Lawsuit against fraternity in NIU death dismissed

By The Associated Press | Posted - Dec. 12, 2014 at 5:33 p.m.



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CHICAGO (AP) — A judge has thrown out a lawsuit filed against a fraternity by the family of a Northern Illinois University student who died after a night of heavy drinking.

David Bogenberger's family sued after the 19-year-old was found dead at Pi Kappa Alpha, the fraternity he was pledging, in November 2012.

Authorities say Bogenberger and other pledges had attended an event there the night before, and that pledges drank vodka and other liquor. Several pledges told police they got sick or passed out because of the drinking.

According to the lawsuit, a fraternity member moved Bogenberger to a bedroom after he became unconscious, rather than seeking medical attention.

Toxicology results later showed Bogenberger's blood alcohol content was about five times the legal limit for driving.

In a wrongful death lawsuit filed last year, Bogenberger's family argued that fraternity members, the national fraternity, several sorority members who were present and the fraternity's landlord should be held liable for his death. The lawsuit filed in Cook County sought damages of more than $100,000.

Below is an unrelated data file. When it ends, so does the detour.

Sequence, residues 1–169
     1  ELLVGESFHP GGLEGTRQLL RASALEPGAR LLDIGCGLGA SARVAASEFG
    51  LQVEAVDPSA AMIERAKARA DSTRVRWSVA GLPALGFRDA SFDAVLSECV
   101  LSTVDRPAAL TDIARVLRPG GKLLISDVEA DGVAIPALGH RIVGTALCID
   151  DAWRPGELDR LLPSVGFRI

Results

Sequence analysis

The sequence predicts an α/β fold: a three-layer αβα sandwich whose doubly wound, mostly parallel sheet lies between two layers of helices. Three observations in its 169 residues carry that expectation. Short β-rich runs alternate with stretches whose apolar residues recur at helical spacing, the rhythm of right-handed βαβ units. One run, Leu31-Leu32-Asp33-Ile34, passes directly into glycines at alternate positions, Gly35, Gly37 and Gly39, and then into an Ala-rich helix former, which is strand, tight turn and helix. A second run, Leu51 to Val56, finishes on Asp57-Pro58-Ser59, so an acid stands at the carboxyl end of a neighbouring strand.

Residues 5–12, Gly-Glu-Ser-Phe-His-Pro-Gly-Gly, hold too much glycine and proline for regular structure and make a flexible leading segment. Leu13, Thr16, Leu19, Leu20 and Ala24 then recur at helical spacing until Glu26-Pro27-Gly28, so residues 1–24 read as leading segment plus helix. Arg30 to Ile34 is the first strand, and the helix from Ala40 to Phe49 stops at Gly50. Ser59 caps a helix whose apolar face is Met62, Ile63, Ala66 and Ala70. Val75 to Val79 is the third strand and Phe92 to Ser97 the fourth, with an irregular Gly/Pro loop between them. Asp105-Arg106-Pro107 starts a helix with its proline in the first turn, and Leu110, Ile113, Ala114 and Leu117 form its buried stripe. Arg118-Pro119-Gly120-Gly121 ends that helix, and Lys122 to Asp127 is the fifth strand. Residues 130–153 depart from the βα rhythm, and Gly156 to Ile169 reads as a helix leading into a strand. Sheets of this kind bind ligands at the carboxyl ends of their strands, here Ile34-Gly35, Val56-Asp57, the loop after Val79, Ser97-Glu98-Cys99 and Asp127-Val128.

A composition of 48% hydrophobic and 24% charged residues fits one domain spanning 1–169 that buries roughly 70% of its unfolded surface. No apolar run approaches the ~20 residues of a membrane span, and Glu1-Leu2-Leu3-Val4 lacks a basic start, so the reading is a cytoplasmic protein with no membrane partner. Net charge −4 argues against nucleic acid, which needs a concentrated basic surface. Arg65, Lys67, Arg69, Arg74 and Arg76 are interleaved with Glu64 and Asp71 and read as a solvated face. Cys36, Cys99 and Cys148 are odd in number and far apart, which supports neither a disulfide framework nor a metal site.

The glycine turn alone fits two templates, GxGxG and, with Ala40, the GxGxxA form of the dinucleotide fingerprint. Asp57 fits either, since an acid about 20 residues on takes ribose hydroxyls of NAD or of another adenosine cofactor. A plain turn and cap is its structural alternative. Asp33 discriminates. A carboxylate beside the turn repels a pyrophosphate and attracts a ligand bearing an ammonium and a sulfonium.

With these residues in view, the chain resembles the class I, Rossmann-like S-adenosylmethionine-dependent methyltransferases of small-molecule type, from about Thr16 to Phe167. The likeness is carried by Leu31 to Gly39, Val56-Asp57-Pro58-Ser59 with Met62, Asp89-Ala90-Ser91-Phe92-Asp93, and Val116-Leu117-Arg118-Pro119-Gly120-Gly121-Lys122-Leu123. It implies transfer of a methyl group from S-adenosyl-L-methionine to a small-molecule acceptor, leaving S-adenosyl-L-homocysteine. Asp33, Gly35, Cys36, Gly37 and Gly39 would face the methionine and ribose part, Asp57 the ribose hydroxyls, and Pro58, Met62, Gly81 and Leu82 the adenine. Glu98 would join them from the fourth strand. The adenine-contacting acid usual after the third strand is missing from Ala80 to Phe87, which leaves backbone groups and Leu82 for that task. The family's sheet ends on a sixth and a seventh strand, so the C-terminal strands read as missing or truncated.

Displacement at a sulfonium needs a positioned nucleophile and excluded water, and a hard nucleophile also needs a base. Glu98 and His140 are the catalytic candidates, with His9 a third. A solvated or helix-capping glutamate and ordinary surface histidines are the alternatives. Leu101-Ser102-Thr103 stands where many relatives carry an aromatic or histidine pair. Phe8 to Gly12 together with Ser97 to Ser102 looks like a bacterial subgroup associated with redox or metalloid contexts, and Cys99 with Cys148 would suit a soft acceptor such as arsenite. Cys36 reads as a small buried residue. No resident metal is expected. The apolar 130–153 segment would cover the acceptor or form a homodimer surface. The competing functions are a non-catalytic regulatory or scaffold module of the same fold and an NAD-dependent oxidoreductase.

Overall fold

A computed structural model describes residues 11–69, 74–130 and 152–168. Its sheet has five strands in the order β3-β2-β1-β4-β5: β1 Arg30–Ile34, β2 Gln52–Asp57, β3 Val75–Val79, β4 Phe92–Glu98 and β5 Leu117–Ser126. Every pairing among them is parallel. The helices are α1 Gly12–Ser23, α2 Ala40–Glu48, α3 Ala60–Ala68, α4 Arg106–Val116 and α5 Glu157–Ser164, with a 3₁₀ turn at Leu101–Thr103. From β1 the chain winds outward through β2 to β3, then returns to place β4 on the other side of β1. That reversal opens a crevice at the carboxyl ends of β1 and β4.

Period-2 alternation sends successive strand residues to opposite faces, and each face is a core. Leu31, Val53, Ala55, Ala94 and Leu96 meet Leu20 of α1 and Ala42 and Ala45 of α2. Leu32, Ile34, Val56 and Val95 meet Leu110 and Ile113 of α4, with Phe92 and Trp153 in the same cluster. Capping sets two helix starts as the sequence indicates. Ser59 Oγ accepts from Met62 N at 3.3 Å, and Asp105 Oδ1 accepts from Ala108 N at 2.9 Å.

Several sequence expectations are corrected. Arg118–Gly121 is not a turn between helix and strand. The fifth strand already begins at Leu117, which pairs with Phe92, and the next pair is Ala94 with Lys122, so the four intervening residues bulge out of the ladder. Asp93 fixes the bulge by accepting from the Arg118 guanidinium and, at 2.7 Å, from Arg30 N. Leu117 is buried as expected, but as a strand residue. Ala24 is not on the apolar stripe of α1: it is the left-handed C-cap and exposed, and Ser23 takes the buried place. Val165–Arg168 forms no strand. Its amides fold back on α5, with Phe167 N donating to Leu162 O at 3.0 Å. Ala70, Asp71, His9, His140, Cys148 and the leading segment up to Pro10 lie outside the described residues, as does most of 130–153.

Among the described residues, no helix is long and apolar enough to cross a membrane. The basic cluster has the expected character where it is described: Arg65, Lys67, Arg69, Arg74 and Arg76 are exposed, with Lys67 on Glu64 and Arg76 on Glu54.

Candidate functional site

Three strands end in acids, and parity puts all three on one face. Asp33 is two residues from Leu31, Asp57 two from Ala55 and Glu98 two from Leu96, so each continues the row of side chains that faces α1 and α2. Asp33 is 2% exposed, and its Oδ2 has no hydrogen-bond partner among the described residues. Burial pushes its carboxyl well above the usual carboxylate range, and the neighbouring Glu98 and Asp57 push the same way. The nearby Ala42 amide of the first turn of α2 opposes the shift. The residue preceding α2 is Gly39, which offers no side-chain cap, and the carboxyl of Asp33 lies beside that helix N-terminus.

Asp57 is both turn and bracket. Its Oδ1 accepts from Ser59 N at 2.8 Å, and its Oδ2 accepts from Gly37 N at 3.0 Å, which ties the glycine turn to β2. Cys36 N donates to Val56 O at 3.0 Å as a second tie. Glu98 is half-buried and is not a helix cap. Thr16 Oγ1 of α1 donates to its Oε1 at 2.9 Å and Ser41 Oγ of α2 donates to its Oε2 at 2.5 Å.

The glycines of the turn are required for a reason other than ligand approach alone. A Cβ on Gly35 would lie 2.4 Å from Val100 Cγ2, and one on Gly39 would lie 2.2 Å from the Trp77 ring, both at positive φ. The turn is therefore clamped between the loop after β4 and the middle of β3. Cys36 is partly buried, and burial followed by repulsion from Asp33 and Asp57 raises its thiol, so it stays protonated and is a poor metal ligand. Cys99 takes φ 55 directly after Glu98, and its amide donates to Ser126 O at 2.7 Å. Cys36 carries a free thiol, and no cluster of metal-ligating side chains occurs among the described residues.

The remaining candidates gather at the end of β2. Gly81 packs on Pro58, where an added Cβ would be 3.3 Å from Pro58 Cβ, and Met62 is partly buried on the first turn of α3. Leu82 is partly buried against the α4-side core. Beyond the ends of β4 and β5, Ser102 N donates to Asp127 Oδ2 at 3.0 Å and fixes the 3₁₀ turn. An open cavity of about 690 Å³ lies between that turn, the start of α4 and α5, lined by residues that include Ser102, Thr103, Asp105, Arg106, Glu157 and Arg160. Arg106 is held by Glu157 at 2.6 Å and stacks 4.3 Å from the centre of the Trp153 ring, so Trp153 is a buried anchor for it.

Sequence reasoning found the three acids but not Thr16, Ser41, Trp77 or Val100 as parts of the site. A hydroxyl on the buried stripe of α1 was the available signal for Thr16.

But in a ruling Thursday, Cook County Judge Kathy Flanagan said the family's lawyer failed to prove the fraternity violated Illinois' anti-hazing law by requiring Bogenberger to consume alcohol in order to join. Instead, she noted, the lawsuit stated only that Bogenberger believed the drinking was a requirement of membership.

Flanagan also said the fraternity members couldn't be held responsible for not seeking medical attention after Bogenberger passed out.

Neither the Bogenberger family nor their lawyer could be reached for comment Friday. The national fraternity, which has said it did not sanction the November 2012 event, did not immediately respond to a phone message.

Nearly two dozen fraternity members were charged with hazing-related counts shortly after Bogenberger's death — five with felony counts and the others with misdemeanors. The criminal cases are pending.

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The Associated Press

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